* October 7…
A lawyer representing three Rockford restaurants has submitted a cease and desist letter to the Winnebago County Health Department, claiming intimidation tactics in the enforcement of Gov. JB Pritzker’s latest coronavirus mitigation orders.
Thomas DeVore, Managing Attorney of Silver Lake Group, Ltd., sent a letter addressed to WCHD Director Dr. Sandra Martell on Wednesday, on behalf of Fozzy’s Bar & Grill, Nora’s Place and Casey’s Pub.
Nick Fosberg, the owner of Fozzy’s Bar and Grill, says he wants proof that restaurants and bars are the reason behind the spike.
* October 14…
The Winnebago County Health Department is taking enforcement action against some locally owned businesses for continued defiance of Gov. JB Pritzker’s latest Region 1 COVID-19 restrictions.
On Wednesday, Neighbor’s Bar and Grill, Fozzy’s Bar and Grill, and Doc’s Diner were all given Order of Closures by the WCHD.
Health officials say that “a reasonable belief exists that the premises identified in this Order has engaged or is suspected of engaging in a significant amount of activity likely to spread the following dangerously contagious or infectious disease: COVID-19.”
* Meanwhile, background is here if you need it. Doug Finke…
Attorneys argued over the extent of Gov. JB Pritzker’s emergency authority Wednesday, but will have to wait on a decision in the case.
Sangamon County Circuit Judge Raylene Grishow said she will rule as soon as possible, but it appears that won’t happen for more than a week. She gave attorneys until Oct. 23 to submit final paperwork that could be used in her decision.
Grishow heard arguments on three issues Wednesday, the biggest being whether lawsuits filed in six counties challenging Pritzker’s authority to issue stay at home orders and other measures to fight the coronavirus pandemic should be dismissed. […]
Pritzker’s attorneys initially argued that DeVore shouldn’t be allowed to make oral arguments Wednesday because he missed deadlines to file briefs, deadlines Grishow said would be strictly enforced. Grishow said that while she wanted her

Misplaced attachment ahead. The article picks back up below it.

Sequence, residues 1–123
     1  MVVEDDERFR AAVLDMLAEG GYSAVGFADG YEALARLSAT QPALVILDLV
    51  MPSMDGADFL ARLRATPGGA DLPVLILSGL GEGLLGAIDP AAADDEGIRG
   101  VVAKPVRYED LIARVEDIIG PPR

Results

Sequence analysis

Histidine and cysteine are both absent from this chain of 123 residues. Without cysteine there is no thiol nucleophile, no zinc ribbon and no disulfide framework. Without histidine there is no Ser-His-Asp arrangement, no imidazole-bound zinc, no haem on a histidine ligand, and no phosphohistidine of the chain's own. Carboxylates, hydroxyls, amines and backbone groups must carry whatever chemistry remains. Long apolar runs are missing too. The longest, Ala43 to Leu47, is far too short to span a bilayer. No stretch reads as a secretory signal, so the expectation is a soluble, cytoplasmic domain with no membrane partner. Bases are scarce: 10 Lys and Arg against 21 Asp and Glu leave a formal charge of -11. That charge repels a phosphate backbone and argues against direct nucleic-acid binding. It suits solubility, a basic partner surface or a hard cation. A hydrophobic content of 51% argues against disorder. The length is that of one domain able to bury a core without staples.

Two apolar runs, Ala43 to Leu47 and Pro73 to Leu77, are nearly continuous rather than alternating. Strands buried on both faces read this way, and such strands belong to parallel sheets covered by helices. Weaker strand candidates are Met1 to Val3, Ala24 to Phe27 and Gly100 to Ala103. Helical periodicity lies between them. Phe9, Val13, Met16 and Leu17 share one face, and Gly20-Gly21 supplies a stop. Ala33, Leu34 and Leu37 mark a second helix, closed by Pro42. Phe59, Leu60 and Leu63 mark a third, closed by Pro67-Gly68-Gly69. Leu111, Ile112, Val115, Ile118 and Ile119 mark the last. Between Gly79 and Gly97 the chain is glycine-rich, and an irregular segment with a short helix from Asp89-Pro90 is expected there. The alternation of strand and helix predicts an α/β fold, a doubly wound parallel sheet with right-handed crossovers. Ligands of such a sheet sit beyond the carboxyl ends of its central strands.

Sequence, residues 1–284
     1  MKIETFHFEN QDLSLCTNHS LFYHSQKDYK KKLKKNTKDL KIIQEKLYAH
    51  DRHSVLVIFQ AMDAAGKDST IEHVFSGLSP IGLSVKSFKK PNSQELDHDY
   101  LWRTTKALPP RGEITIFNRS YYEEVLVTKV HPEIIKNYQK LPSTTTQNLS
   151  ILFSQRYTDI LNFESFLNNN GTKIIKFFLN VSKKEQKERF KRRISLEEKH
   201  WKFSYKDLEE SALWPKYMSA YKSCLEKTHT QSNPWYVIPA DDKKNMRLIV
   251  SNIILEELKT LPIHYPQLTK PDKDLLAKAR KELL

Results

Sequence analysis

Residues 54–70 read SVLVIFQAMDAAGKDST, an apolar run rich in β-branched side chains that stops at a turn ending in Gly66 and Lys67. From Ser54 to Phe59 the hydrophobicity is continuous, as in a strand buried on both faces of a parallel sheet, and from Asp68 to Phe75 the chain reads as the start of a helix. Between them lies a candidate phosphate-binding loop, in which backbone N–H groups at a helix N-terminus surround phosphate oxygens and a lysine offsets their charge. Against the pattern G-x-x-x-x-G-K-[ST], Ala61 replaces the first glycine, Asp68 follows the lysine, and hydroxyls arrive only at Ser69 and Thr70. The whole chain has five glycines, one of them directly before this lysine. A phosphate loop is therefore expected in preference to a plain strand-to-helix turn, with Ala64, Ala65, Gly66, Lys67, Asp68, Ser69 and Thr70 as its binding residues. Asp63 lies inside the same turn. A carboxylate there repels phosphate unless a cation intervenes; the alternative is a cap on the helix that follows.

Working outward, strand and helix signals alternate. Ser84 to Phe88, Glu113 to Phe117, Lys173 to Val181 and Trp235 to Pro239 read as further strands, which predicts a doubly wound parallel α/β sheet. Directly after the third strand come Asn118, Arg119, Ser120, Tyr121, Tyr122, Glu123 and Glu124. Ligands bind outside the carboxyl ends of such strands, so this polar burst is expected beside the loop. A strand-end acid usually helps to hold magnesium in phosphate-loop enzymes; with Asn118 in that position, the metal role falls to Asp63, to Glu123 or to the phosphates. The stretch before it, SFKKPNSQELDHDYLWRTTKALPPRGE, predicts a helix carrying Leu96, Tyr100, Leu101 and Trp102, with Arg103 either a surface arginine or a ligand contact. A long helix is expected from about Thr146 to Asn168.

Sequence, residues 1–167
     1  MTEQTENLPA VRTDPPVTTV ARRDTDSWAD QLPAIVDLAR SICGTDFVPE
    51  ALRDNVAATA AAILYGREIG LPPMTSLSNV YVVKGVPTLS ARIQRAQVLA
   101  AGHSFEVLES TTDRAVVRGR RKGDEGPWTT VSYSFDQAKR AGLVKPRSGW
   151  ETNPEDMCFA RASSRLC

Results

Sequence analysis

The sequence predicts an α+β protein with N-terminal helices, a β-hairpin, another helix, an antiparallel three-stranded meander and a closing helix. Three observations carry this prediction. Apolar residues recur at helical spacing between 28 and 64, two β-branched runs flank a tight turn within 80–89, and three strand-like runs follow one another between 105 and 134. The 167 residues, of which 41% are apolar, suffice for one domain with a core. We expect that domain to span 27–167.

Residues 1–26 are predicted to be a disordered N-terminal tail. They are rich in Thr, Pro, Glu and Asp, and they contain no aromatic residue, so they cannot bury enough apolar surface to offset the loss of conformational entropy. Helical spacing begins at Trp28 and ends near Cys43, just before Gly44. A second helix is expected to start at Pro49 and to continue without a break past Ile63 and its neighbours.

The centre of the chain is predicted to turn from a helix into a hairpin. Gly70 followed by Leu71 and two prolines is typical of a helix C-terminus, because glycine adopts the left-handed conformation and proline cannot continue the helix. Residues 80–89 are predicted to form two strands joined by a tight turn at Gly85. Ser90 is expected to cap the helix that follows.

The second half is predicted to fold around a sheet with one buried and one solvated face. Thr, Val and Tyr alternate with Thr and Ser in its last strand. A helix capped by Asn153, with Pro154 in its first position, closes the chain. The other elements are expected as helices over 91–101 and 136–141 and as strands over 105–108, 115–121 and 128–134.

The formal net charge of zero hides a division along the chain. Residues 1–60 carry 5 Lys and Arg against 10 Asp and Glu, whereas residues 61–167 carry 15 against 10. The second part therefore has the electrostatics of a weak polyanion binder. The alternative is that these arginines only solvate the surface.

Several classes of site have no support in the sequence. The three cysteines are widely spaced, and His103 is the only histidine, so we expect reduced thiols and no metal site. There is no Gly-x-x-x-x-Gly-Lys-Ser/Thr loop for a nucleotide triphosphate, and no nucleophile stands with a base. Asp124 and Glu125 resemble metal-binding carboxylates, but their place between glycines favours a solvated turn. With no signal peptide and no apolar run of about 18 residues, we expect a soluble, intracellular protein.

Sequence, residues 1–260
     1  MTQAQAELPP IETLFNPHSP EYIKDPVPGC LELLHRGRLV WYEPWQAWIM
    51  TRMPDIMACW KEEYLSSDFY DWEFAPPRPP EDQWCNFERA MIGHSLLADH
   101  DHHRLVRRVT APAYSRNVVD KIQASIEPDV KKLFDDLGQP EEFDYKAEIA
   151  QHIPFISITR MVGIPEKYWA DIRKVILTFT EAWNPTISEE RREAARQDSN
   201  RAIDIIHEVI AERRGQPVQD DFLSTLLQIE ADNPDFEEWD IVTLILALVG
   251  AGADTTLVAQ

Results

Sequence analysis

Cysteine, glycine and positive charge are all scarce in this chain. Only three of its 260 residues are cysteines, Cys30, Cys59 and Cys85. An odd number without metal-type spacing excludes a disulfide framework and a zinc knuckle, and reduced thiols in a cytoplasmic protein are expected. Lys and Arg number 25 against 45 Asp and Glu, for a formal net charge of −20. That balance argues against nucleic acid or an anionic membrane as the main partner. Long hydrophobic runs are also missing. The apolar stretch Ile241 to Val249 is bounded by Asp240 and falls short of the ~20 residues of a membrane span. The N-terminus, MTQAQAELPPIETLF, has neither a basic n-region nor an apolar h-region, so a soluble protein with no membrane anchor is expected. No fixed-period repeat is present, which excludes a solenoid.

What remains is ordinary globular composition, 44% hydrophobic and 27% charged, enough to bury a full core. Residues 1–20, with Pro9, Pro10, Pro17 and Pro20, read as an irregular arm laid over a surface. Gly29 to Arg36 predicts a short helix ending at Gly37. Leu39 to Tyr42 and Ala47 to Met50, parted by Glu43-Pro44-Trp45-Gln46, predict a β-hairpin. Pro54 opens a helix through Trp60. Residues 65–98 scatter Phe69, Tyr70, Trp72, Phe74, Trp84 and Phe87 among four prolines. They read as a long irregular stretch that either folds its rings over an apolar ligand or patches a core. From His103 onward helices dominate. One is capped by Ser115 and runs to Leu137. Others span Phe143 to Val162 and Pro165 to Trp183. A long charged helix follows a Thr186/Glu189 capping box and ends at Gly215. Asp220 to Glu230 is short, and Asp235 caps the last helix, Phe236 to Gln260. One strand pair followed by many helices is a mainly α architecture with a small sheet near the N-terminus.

deadlines met, she could allow DeVore to make his case.
He’s had how long to prepare briefs and still missed the deadline after a warning from the judge?
* Capitol News Illinois…
During a hearing Wednesday, Assistant Attorney General Darren Kinkead argued that all of the cases should be dismissed because, in the case of public health emergencies, the state’s Emergency Management Act gives the governor broad authority to act proactively in order to prevent the spread of a disease.
Specifically, the law allows for the declaration of a public health emergency whenever there is “widespread exposure to an infectious or other toxic agent that poses a significant risk of substantial future harm to a large number of people in the affected population.”
Kinkead argued that it was “legally irrelevant” whether or not there have been a large number of cases or deaths in a particular county because the statute requires only the existence of widespread exposure and a risk of substantial future harm.
And even if the plaintiffs could get past that hurdle, Kinkead argued, the cases should still be dismissed because the plaintiffs had not provided evidence that there is no public health emergency in their county. […]
As the hearing ended, Judge Raylene D. Grischow said she intends to rule within the next two or three weeks. She gave attorneys on both sides until Oct. 23 to submit proposed orders. She said she will use one of the proposals as the basis for the final order.